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Recent Research: Identifying peer states for technology-based economic development

January 31, 2019
By: Jonathan Dworin

While competition between states over business incentives and headquarters attraction is often derided, new research published in the Journal of Technology in Society suggests that competition in technology-based economic development is hardly a zero-sum game. In Persistent peers and the rhetoric of state economic competition, author David Schwarzkopf from Bentley University uses cluster analysis to track state progress across 53 TBED measures published by the NSF through its Science & Engineering Indicators series. Over a 12-year study period, Schwarzkopf finds that all 50 states improved on more than half of the variables used, with more than 60 percent of the states moving in the same direction on 80 percent of the measures. He argues that although states clearly compete, more focus is needed on how each state is making progress while also working to improve on their deficiencies.   

In the study, Schwarzkopf calculates the average annual change for each state across each of the 53 variables studied. Measures include data on higher education, workforce, financial R&D inputs, and others. Based on changes over time, the author constructs “self-organizing maps” to group states on how they cluster together at the beginning and end of the study period. The phrase “persistent peers” refers to states that are grouped by similarity at the beginning of a measurement period or states that remain similar through the end of that period. A “really persistent peer” group remains similar at both the beginning and the end of the period.

A map of the 12 “really persistent peer” clusters is below.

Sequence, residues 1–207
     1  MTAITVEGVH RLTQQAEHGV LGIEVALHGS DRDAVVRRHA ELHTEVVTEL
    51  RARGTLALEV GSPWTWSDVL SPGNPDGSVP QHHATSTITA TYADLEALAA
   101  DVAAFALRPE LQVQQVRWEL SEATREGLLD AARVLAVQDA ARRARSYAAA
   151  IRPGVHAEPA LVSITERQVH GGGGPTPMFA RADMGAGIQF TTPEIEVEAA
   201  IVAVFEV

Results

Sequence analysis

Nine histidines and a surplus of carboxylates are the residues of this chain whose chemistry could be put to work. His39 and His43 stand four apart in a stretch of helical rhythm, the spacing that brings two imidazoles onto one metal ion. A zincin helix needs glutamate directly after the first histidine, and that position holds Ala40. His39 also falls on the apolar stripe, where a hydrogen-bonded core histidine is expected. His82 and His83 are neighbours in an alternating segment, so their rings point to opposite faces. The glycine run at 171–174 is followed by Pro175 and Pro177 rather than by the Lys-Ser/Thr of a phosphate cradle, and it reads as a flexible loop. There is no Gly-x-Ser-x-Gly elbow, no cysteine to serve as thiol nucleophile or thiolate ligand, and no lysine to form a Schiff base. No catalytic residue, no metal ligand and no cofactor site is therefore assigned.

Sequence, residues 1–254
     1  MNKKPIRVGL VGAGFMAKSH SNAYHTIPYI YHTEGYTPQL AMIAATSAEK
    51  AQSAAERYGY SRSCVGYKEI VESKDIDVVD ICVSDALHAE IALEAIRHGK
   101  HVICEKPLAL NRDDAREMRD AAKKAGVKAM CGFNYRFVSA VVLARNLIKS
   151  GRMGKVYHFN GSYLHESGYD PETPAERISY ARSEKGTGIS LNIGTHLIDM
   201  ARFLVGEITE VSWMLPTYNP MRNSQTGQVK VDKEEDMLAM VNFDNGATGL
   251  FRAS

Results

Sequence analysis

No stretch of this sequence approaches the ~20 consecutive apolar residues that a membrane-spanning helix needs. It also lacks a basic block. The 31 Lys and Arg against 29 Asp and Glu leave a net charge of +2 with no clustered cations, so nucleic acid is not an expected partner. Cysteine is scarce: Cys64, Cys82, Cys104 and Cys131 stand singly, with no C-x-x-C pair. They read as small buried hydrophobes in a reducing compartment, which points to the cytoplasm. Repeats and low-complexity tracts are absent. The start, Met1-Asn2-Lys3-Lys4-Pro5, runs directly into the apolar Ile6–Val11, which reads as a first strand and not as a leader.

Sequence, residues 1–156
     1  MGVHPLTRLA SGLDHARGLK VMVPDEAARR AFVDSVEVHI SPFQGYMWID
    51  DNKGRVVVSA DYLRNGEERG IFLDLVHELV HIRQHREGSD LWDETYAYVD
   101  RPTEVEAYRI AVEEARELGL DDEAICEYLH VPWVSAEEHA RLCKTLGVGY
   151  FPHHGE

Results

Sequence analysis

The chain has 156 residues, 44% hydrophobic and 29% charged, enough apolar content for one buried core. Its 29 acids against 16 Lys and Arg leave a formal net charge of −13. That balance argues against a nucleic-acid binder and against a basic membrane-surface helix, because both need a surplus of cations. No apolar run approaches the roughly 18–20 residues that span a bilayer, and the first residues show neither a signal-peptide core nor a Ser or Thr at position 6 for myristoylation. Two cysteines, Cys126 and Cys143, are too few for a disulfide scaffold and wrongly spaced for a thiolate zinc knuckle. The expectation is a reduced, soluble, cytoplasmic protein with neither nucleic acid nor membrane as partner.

As a note, the order of these groups does not imply a difference across performance. Nor do groupings imply similar practices or policies enacted by states. Instead, the cluster analysis allows for states to have a more accurate picture of which other states rank similarly across a variety of TBED measures and over a period of time.

Schwarzkopf suggests there are two distinct advantages to knowing one’s peer states. First, it gives a state a better idea of who their peers are when they are evaluating their own progress on TBED measures. Second, it may provide clues about which state’s practices may be worth pursuing, adopting, or adapting.

There are several areas identified for supplementary research. First, more is needed to understand why non-geographically proximate states may cluster together. While it might make sense that New Hampshire and Vermont are peers, why is Minnesota also in that group? There is also an interest in what effect state initiatives have on TBED rankings, and whether some initiatives are more beneficial than others. Similarly, a better understanding of other TBED characteristics, like the number of universities or the presence of federal labs, would better inform these peer groups.

Using these same measures, a future study could look at peer groups across the subcategories within the TBED measures examined, such as higher education, R&D outputs, or workforce.  This would give states an even better understanding of similar states, and perhaps provide more insight on particular strengths and weaknesses.

Schwarzkopf concludes by noting the reality that economic development progress is frequently framed through the lens of competition. However, he suggests, technology-based economic development should not be perceived as a zero-sum game of chasing the leader. Instead, states should focus on where they are making progress, and where their deficiencies still exist.

A table showing the 12 “really persistent peer” groups can be found below.  

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